Governmental measures that prohibit a wide range of activities may cause an obligation under the contract to extinguish due to the impossibility of its performance (so-called additional impossibility of performance). However, this is only provided that the performance cannot be provided even under more difficult conditions, at higher costs, with the help of another person, or after a specified period of time. The same would be true if the parties were aware when concluding the contract that the creditor would not have an economic interest in late performance. If, for example, a cultural event is prohibited and cannot be held even on an alternative date, there occurs the event of impossibility of performance and a contractual obligation extinguishes. However, the impossibility of performance would not be the case if the entrepreneur on his own initiative, for preventive reasons, decided, for example, to interrupt production in his plant. The other party must be informed of the impossibility of performance without undue delay. If consideration has already been paid for the performance that has not been provided, it must be refunded. Since in the case of coronavirus, the party has not caused the impossibility of performance, it will not be obliged to compensate the other party for the damage caused thereby, unless the damage is caused to the other party by late informing about the impossibility of performance.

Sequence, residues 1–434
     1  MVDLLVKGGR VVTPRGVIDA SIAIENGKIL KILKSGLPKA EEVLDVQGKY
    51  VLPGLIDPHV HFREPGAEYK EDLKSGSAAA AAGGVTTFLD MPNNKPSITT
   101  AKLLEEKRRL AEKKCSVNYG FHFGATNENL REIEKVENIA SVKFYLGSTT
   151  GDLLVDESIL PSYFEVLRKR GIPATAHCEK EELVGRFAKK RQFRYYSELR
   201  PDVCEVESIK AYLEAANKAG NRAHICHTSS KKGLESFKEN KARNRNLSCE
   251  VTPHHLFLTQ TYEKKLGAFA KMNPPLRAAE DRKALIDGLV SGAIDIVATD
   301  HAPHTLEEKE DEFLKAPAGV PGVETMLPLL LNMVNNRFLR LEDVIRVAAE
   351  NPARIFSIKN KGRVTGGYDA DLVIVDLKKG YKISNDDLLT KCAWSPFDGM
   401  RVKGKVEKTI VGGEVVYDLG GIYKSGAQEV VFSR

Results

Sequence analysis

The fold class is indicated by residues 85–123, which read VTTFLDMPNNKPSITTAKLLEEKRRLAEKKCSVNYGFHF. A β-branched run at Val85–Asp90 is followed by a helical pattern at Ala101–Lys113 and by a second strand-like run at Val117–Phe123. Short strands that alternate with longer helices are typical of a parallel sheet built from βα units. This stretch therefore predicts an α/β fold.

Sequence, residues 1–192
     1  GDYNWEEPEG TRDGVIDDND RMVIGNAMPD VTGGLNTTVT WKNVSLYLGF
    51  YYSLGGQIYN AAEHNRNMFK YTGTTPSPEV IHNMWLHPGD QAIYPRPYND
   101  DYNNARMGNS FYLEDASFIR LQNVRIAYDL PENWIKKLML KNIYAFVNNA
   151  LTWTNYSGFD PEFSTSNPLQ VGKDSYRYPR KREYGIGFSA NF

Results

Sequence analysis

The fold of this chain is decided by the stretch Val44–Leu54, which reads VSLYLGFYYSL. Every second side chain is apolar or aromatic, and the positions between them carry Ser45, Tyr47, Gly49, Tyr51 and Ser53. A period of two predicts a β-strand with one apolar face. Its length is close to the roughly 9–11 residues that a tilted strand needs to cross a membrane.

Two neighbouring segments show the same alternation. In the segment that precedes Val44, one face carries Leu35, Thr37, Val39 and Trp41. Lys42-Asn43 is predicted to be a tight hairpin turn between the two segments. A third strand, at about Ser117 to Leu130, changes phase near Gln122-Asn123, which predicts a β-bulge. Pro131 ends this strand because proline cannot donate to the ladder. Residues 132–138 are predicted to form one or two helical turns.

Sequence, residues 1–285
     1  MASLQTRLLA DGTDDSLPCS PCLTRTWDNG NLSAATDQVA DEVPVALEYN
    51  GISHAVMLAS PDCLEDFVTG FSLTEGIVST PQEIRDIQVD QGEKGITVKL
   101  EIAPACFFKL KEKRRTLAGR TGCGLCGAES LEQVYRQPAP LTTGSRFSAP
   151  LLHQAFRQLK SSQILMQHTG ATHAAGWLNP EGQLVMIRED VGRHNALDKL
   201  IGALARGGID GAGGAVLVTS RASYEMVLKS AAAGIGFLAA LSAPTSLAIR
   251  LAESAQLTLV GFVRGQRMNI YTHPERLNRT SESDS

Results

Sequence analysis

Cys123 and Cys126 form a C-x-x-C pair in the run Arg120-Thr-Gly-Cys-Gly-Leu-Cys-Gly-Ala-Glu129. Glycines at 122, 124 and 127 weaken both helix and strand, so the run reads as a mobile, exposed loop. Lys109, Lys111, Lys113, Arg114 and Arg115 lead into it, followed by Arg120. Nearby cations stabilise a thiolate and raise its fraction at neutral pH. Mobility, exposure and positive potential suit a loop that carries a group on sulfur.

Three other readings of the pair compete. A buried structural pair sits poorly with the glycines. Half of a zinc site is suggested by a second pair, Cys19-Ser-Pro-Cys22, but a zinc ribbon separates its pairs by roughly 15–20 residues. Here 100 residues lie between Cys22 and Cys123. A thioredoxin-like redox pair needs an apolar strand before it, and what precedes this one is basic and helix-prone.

If the party has failed to fulfil its obligation due to coronavirus in a due and timely manner and this is not the case of impossibility of performance or the contract does not exclude delay due to force majeure, the other party has the right to withdraw from the contract under the terms of the contract. If the contract does not provide for withdrawal, the other party may withdraw from the contract after providing an additional reasonable period for performance in the case of a minor breach of the contract, or without undue delay in the case of a material breach of the contract.
Does coronavirus affect international transport and the import and export of goods to/from the Czech Republic?
According to current information, which is changing at any moment, measures to restrict cross-border movement do not apply to international transport by trucks, trains and vessels. However, it cannot be ruled out that the measures taken will have some effect on the speed and fluency of transport and, for example, on the delay in the supply of goods with the consequences described above.
For example, in Slovakia, which has adopted/notified the appropriate measures already on Thursday, truck drivers must wear respirators when loading and unloading goods, to minimize direct contact with workers of foreign shipper/recipient of goods and be equipped with rubber gloves and hand disinfection.
In addition, there are, of course, also earlier measures in place, prohibiting (with a few exceptions) the export of respirators and disinfectants from the Czech Republic abroad. We believe that we have helped you to obtain at least a basic overview of the impact of the current measures on your contractual relations, and we firmly believe that this impact will be minimized. We will keep you informed about any news that might be of interest to you and could help you in the current situation.Download PDF